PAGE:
That's the summary for now.  OK, now onto the 'OH REALLY' part of the extravaganza.

1) The government MAKES money on the 3.4% rate.  Plenty.  Like Scrooge McDuck plenty.  50 billion in 2012 alone, as reported in USA today HERE.  50 Billion!? OH REALLY.

2) See 1, Above. OH REALLY.

It doesn't seem like we need to presumably double the profit.  It's not clear why we need more profit at all on loans, to students. Or it didn't until I found this ARTICLE, from the Atlantic.  I've reprinted the big numbers below, but basically our government  spent $37 billion on such things as paying oil companies to explore for oil, paying them for they oil they took out of the ground... OH REALLY?  SERIOUSLY?  You, dear reader, get the idea.  Just read on.  It's just way too depressing.

Here are the numbers on the oil subsidies.  Oh PS, in case you didn't know, the oil companies made a profit last year.  A pretty good one.

From the Atlantic (link above).
·  Expensing Intangible Drilling Costs ($13.9 billion): Since 1913, this tax break has let oil companies write off some costs of exploring for oil and creating new wells. When it was created, drilling meant taking a gamble on what was below the earth without high-tech geological tools. But software-led advances in seismic analysis and drilling techniques have cut that risk down.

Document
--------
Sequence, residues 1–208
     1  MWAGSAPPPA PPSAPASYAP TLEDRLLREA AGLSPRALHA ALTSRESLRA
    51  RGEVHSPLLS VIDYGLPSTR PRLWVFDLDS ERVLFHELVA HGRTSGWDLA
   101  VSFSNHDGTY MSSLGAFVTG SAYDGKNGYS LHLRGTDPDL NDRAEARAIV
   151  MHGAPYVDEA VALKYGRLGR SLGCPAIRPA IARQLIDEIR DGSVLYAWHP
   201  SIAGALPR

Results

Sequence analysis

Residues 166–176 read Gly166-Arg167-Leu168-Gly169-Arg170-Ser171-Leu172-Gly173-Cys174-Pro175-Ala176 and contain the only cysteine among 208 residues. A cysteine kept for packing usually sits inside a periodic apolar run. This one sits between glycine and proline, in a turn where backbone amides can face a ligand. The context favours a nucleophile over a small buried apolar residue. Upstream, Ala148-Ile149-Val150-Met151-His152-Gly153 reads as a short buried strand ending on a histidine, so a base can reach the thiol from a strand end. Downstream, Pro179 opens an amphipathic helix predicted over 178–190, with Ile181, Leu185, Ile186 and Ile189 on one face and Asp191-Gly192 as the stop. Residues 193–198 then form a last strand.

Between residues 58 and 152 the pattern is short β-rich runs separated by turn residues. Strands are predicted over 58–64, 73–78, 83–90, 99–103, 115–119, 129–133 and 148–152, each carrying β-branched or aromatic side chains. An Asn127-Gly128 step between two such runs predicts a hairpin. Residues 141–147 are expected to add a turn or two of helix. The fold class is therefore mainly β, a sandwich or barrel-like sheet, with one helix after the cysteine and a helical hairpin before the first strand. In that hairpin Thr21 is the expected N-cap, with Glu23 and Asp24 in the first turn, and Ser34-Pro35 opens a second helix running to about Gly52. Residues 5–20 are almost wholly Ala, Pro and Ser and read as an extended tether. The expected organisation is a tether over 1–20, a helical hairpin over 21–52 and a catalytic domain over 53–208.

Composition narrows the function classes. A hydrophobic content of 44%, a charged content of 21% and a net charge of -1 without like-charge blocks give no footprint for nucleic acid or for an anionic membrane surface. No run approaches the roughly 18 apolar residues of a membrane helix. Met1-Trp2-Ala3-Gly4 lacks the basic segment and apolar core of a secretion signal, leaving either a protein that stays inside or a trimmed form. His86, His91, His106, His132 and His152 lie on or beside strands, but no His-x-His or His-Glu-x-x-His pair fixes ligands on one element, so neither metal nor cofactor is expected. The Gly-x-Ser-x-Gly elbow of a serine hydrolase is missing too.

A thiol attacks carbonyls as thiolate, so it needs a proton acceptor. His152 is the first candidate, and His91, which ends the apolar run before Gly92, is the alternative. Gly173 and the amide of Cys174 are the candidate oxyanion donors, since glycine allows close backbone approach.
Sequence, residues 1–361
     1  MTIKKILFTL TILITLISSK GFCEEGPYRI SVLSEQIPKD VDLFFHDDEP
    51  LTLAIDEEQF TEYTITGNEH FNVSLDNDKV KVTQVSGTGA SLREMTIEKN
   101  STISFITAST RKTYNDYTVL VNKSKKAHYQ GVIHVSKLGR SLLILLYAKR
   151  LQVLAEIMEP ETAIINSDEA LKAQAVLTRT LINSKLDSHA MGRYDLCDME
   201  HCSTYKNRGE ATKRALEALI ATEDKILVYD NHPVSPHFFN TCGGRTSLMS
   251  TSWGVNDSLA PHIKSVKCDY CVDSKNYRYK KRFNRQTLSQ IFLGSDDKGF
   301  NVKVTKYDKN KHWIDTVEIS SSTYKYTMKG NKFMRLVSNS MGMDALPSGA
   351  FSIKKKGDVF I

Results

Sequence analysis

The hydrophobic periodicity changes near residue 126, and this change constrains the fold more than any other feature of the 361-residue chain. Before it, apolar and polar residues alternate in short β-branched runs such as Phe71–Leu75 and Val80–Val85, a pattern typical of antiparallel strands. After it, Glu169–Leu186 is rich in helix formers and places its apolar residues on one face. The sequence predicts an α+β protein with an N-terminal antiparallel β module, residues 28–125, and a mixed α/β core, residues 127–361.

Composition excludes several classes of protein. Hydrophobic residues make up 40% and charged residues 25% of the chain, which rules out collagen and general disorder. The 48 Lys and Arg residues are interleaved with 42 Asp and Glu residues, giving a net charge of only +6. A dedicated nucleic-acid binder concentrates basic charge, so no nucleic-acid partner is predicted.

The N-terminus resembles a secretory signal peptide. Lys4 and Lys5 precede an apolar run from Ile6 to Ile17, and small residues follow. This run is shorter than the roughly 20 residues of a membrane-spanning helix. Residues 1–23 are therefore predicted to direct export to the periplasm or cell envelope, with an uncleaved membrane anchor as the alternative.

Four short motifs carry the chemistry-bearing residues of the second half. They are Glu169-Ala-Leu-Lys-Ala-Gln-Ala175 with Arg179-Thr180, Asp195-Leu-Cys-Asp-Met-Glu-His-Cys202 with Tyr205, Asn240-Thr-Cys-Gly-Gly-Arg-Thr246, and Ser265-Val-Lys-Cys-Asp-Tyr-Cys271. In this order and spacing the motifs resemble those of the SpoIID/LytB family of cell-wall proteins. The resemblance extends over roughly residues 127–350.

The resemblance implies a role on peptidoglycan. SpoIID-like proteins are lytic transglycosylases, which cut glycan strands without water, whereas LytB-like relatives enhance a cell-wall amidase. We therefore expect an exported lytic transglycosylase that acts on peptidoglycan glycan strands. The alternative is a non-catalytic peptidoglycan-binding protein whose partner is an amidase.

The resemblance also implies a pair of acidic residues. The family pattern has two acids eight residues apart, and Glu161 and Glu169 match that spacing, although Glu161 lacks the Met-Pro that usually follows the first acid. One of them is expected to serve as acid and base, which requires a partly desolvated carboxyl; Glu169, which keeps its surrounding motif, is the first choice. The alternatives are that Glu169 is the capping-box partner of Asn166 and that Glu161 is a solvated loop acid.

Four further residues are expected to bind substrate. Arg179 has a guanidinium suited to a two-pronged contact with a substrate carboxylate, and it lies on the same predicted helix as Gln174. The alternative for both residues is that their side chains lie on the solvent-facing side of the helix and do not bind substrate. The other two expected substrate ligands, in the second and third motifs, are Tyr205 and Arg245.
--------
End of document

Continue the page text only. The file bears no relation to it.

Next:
·  Deducting percentage depletion for oil and natural gas wells ($11.5 billion): Since 1926, this has given oil companies a tax breaks based on the amount of oil extracted from its wells. The logic is, if manufacturers get a break for the cost of aging machinery, drillers can deduct the cost of their aging resources. (You decide for yourself whether that makes any sense.) Since 1975, it's only available to "independent oil producers," not the big oil companies, like Exxon and BP. But many of these smaller companies aren't actually small. According to Oil Change International, independents made up 86 of the top 100 oil companies by reserves. Those 86 had a median market cap of more than $2 billion. So essentially, this is a tax break that subsidizes the Very Big oil companies at the expense of the Very Biggest.*